Renal mechanisms contributing to blood pressure and the development of salt-sensitive hypertension
Puleo, Franco Jimmy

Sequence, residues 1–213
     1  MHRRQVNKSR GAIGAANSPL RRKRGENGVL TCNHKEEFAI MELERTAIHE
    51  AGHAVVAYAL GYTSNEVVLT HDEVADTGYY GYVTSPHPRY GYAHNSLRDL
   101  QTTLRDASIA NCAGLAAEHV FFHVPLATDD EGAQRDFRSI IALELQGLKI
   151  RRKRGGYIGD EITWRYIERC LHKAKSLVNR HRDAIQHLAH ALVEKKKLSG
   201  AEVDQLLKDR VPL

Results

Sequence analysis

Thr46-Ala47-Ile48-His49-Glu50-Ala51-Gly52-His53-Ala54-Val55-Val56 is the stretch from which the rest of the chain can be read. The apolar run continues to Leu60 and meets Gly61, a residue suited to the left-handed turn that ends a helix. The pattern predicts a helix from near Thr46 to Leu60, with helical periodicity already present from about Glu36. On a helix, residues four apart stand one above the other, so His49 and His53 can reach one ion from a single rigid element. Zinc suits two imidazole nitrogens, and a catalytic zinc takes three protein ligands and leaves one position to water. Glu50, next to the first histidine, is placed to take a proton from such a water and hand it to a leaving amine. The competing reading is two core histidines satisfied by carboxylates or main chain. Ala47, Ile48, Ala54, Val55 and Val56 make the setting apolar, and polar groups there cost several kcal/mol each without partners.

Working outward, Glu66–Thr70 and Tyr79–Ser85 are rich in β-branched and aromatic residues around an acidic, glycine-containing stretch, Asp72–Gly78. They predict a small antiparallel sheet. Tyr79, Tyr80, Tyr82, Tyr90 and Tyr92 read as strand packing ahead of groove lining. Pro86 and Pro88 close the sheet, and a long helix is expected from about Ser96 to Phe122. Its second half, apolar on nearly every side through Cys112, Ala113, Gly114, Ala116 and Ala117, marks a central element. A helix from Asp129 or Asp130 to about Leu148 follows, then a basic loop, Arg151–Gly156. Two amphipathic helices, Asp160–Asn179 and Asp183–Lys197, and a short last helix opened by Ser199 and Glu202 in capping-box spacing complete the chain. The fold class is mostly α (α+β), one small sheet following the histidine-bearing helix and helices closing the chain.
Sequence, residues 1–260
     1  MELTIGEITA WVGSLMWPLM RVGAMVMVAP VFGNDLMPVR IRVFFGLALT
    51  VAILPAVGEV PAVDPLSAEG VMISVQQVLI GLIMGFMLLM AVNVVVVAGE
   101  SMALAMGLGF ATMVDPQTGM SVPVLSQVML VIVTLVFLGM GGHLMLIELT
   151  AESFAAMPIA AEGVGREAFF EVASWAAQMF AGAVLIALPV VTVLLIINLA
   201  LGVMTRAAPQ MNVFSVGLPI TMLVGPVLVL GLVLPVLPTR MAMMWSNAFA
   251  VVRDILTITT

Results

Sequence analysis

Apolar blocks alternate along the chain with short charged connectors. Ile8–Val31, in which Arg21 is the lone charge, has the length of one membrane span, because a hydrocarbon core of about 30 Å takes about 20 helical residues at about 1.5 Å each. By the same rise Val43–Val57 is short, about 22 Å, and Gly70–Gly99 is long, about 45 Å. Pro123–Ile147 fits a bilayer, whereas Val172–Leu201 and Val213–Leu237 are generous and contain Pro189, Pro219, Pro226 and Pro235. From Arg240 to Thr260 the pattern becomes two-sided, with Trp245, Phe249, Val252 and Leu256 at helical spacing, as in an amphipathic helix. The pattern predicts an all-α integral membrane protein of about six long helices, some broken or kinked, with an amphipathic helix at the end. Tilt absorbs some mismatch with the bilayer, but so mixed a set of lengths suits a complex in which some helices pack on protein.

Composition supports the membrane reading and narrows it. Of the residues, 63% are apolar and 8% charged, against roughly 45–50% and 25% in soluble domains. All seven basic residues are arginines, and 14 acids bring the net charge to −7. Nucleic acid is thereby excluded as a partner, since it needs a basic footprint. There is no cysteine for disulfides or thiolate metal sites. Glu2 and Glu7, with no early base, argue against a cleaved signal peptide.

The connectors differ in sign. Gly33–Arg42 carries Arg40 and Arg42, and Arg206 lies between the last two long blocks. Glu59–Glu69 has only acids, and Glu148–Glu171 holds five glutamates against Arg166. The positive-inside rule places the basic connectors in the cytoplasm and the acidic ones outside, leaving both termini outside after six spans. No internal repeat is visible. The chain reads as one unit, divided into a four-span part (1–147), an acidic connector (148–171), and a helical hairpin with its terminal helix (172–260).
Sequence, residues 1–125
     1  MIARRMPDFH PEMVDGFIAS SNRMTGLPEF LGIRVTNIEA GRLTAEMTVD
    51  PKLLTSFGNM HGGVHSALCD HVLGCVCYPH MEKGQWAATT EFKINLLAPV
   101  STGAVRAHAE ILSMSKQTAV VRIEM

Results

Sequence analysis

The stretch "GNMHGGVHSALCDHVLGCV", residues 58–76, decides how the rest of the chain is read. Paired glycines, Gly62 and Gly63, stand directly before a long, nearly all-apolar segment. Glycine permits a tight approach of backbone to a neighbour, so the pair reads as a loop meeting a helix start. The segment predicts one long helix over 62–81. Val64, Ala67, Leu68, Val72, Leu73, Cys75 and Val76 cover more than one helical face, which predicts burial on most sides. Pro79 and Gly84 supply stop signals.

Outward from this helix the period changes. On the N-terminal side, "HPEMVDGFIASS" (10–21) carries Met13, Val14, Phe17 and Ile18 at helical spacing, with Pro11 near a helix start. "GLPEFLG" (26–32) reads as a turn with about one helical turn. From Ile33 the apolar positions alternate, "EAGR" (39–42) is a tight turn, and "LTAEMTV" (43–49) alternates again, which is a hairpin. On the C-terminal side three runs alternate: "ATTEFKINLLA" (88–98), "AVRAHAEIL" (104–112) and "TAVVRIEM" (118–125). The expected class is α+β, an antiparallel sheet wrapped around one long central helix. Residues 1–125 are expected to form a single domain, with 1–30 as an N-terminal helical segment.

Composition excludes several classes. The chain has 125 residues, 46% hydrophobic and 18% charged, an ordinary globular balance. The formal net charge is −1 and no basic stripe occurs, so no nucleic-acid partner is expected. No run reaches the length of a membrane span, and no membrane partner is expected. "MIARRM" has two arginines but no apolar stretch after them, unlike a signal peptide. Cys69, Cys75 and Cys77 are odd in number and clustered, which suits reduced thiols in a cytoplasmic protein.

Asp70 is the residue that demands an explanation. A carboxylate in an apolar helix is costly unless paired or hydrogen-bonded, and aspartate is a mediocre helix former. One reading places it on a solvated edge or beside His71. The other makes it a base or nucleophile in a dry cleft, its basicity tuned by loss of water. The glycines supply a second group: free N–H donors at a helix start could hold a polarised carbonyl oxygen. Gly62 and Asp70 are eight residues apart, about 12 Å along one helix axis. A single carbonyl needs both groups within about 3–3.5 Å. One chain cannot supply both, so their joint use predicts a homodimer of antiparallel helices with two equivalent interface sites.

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High blood pressure or hypertension is a major public health issue that affects more than 50% of adults in the United States. Hypertension is the leading risk factor for multiple cardiovascular events including stroke and myocardial infarction. In general, hypertension is considered a disease of the aged population as 2/3rds of adults over 65 are hypertensive. Critically, a sex dependent component exists as females under age 50 are less likely to develop hypertension than males. Dietary sodium intake significantly influences blood pressure regulation and its importance is underscored by the salt-sensitivity of blood pressure, which is characterized by acute increases in blood pressure in response to dietary salt intake. The salt-sensitivity of blood pressure is prevalent in 25% of normotensive individuals and 50% of hypertensive individuals. Coupled with statistics that show Americans on average consume 2 g of sodium in excess of the recommended daily allowance, the risk for developing salt-sensitive hypertension is drastically higher in salt-sensitive individuals. Moreover with age, there is an increase in the prevalence and severity of salt-sensitivity. Taken together, these findings underscore the need for novel therapeutics to combat hypertension. The pathophysiology of the salt-sensitivity of blood pressure and age dependent hypertension has been attributed in part to excessive sympathetic outflow that can drive increases in sodium reabsorption. Excessive sympathetic outflow via the release of norepinephrine has been linked to increased activity of a key renal sodium transporter, the sodium chloride cotransporter (NCC). This thesis investigates the adrenergic signaling pathway by which excessive sympathetic outflow drives NCC activity and sodium reabsorption as well investigates the mechanisms underlying sex differences in age dependent hypertension. Our findings demonstrate that 1) norepinephrine mediates its influence on NCC activity via an α1-adrenoceptor gated pathway involving WNK/SPAK/OxSR1 kinase signaling, 2) α1-adrenoceptor antagonism can prevent and attenuate the development and maintenance of salt-sensitive hypertension, 3) β-adrencoptor antagonism has no effect on NCC activity, 4) in male rats age dependent salt-sensitivity of blood pressure and hypertension is associated with age dependent- increases in NCC activity and impairments in renal sodium handling, and 5) female rats do not develop age dependent hypertension or salt-sensitivity of blood pressure. Collectively, these results support a sympathetic model of NCC regulation that plays a key role in salt-sensitive hypertension and age dependent hypertension.